For additional information, please visit the TAARII website. To submit a collaborative proposal, contact firstname.lastname@example.org.
The Middle East Studies Association is hosting its 47th Annual Meeting in New Orleans from October 10–13, 2013. Please note that this year’s meeting is six weeks earlier than normal!
The following are a list of papers to be presented at MESA this year that have Iraq-related content. For more information on the presenters or the abstract of the papers, please click on the provided links. This list also includes the papers from the TAARII-sponsored panel, Minorities, Identities and the Modern Iraqi State (Saturday, October 12, 5:00 p.m.). However, it does not include the presentations from the TAARII-sponsored roundtable discussion, Researching Iraq Today: Archives, Oral Histories, and Ethnographies (Saturday, October 12 11:00 a.m.).
Papers & Presenters
Al-Sahib Ibn ‘Abbad’s Politics and Ethics of Insult by Samuel T. England (Saturday, 10/12/13 2:30pm)
Al-Zawra’ and the East: Locating Baghdad Through the Pages of Its First Newspaper by Annie Greene (Friday, 10/11/13 2:00pm)
Allegory and History in Ikhwan Al-Safa’s Reading of Biblical Narrative by Shatha Almutawa (Friday, 10/11/13 11:00am)
An Ottoman Vision for Mesopotamia: Developing Iraq Before the Great War by Dale Stahl (Friday, 10/11/13 8:30am)
Assyrian Identity Formation and the Ba’qubah Refugee Camp by Fadi Dawood (Saturday, 10/12/13 5:00pm)
At the Threshold of the Sacred: Nineteenth Century Persian Narratives of Pilgrimage to Najaf by Rose Aslan (Friday, 10/11/13 11:00am)
Ba’athist Frontier Ideology: Analyzing the Deportation of Iranian Nationals from Iraq, 1971-72 by Carl Shook (Friday, 10/11/13 2:00pm)
Ba’thist “Generosity” and The Assyrian Literary Movement by Alda Benjamen (Saturday, 10/12/13 5:00pm)
“Education for Real Life”: Psychology, Islam, and Adolescent Normalization in Hashimite Iraq by Sara Pursley (Sunday, 10/13/13 1:30pm)
Frontier Cities and the Pacification of Nomadic Tribes: Late Ottoman Kirkuk as a Test Case by Idan Barir (Friday, 10/11/13 2:00pm)
Governing Iraq: The Impact of State Institutional Design on Ethno-Religious Fragmentation by Shamiran Mako (Sunday, 10/13/13 11:00am)
Human Welfare, War and Sanctions in Iraq under Saddam Hussein by Lisa Blaydes (Friday, 10/11/13 2:00pm)
Iraqi Kurdish Intellectuals and the Kemalism: Admiration and Dismay by Djene Bajalan (Friday, 10/11/13 4:30pm)
Managing dissent and building neo-liberal hegemony: the case of post-invasion Iraq by Yousef Baker (Sunday, 10/13/13 8:30am)
Modern Art and the Arab Awakening: Eros as a Figure of Vitality in the Painting of Jawad Salim by Saleem Al-Bahloly (Saturday, 10/12/13 5:00pm)
Muhammad Muhammad Sadiq Al-Sadr versus the Hawza: An Intra-Shi‘i Zero-Sum Game or a False Dichotomy? by Robert J. Riggs (Saturday, 10/12/13 2:30pm)
Old and new allegiances: Baghdadi Jews in leftist circles by Aline Schlaepfer (Friday, 10/11/13 11:00am)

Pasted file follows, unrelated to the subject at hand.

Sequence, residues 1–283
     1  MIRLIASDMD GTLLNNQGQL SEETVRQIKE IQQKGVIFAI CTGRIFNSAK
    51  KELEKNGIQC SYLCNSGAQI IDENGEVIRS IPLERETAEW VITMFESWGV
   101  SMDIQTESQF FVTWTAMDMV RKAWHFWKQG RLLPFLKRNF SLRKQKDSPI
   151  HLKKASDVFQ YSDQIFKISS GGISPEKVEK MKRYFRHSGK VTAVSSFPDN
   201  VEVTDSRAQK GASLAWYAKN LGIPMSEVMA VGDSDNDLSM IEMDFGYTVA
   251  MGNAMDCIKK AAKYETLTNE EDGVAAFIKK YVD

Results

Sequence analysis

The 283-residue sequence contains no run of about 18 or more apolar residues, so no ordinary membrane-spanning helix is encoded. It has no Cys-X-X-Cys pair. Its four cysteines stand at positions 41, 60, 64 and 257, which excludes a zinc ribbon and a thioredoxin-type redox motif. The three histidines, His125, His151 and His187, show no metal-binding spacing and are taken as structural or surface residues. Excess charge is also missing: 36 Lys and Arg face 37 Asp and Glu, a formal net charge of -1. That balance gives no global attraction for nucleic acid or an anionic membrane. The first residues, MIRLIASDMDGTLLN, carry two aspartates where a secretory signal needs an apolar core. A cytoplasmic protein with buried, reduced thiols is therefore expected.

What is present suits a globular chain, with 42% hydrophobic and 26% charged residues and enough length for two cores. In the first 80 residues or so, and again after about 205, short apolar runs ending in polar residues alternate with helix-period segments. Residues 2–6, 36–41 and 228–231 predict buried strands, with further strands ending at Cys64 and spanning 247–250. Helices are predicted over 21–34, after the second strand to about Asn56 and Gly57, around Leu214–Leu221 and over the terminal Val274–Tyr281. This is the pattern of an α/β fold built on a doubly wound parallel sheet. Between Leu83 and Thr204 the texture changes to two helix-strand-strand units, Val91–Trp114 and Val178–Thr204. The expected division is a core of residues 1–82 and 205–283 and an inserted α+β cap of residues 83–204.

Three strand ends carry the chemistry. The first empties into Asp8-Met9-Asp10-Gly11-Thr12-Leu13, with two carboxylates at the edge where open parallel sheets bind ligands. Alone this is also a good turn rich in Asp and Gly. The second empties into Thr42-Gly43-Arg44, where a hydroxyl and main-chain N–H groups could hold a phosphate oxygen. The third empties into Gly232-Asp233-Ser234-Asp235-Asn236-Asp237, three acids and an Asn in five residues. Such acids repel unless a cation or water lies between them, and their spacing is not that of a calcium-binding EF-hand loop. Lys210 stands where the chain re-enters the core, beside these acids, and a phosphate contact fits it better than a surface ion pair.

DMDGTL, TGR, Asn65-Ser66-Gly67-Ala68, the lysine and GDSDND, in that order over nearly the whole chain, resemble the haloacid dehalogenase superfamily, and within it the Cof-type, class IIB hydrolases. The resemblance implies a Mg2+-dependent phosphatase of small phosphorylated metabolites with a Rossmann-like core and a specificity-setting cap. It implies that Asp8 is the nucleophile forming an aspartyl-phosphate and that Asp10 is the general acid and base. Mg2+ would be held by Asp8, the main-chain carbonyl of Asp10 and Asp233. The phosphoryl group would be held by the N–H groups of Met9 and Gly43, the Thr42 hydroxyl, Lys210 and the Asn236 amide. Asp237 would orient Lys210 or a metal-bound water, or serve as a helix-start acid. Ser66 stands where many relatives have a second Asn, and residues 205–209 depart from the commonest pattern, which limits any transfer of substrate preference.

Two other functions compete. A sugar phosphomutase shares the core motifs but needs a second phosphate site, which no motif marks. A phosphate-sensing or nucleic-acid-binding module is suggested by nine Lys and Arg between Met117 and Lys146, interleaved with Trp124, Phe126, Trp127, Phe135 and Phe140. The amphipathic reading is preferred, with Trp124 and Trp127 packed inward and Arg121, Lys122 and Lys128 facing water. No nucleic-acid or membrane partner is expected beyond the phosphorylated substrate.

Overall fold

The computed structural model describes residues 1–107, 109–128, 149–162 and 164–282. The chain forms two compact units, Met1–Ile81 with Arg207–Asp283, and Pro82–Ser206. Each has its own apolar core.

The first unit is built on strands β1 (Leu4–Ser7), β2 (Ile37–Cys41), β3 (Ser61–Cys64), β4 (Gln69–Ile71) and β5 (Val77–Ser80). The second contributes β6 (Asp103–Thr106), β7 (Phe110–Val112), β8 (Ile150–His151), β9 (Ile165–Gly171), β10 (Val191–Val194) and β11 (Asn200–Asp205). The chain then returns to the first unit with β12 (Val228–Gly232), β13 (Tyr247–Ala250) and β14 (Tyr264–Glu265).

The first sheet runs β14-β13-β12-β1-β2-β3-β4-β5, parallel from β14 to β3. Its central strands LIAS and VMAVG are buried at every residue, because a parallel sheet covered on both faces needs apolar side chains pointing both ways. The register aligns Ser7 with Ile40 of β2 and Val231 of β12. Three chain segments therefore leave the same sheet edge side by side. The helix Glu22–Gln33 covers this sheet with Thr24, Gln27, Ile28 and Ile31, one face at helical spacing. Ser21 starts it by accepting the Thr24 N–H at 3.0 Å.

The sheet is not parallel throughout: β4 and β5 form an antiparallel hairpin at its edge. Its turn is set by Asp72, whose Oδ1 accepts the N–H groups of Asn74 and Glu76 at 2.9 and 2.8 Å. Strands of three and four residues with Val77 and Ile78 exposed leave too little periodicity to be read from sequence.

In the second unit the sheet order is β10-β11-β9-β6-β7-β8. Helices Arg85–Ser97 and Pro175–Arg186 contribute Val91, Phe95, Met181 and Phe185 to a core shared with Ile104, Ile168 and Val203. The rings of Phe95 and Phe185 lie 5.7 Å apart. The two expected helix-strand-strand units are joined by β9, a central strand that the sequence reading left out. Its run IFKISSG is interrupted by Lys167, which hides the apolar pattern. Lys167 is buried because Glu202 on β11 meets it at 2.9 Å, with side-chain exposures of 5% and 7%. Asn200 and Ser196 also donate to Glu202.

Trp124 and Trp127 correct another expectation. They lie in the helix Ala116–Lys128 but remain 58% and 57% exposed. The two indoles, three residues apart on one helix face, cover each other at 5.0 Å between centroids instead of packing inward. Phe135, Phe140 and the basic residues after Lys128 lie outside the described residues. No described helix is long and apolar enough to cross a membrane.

Political Modernity and Iraqi National Identification: Literary Perspectives by Sami D. Zubaida (Sunday, 10/13/13 8:30am)
Reinterpreting the Abbasid Reception of Jarir and Al-Farazdaq’s “Naqa’id” by Cory Jorgensen (Saturday, 10/12/13 2:30pm)
Revolution or Elections? Land Reform and Regime Type in Comparative Perspective by Matthew Goldman (Sunday, 10/13/13 8:30am)
Tapping Sources: the maraji’ and their Followers in Pakistan by Simon Wolfgang Fuchs (Friday, 10/11/13 2:00pm)
The Death of the Artist? Ambiguity and “Openness” in Muhammad Khudayyir’s Fiction by Chip Rossetti (Sunday, 10/13/13 8:30am)
The End of Authority: Reconciling Approaches to the Occultation of the Twelfth Imam by Jennifer Gordon (Friday, 10/11/13 2:00pm)
The Euphrates as an Ottoman Frontier River: the Eighteenth and Nineteenth Centuries by Faisal Husain (Friday, 10/11/13 2:00pm)
The Iraqi Shi‘a and the Question of Sectarianism under Saddam by Samuel Helfont (Saturday, 10/12/13 5:00pm)
The Notables of Baghdad and the Limits of Sultanic Authority in 8th/14th Century Iraq by Patrick Wing (Thursday, 10/10/13 5:30pm)
The Organizing Concept of “khirqa” in the Tiryaq al-muhibbin of Taqi al-Din al-Wasiti (d. 744/1343) by Erik S. Ohlander (Sunday, 10/13/13 8:30am)
Tribes ‘Made in Taiwan’: Reinvented Identities in Authoritarian Iraq by Julia Choucair Vizoso (Saturday, 10/12/13 5:00pm)
Urban Violence and the Rebirth of the Arab Jew, Baghdad and Tel Aviv by Orit Bashkin (Sunday, 10/13/13 8:30am)
What is the Future of Iraq – Sectarianism or Democracy? by Davis, Eric (Sunday, 10/13/13 1:30am)
Women and the State: a comparative study of Iraq in the 1970s with Morocco in the 1980s by Priya Rahmouni (Sunday, 10/13/13 8:30am)
For more information, please visit MESA’s website.
TAARII is pleased to announce that we will be hosting a reception at the Middle East Studies Association 47th Annual Meeting, which will be held in New Orleans from October 10–13, 2013.
What: TAARII Reception at MESA
When: Saturday, October 10, 7:00–9:00 p.m.
Where: Gallier A/B, 4th Floor, Sheraton New Orleans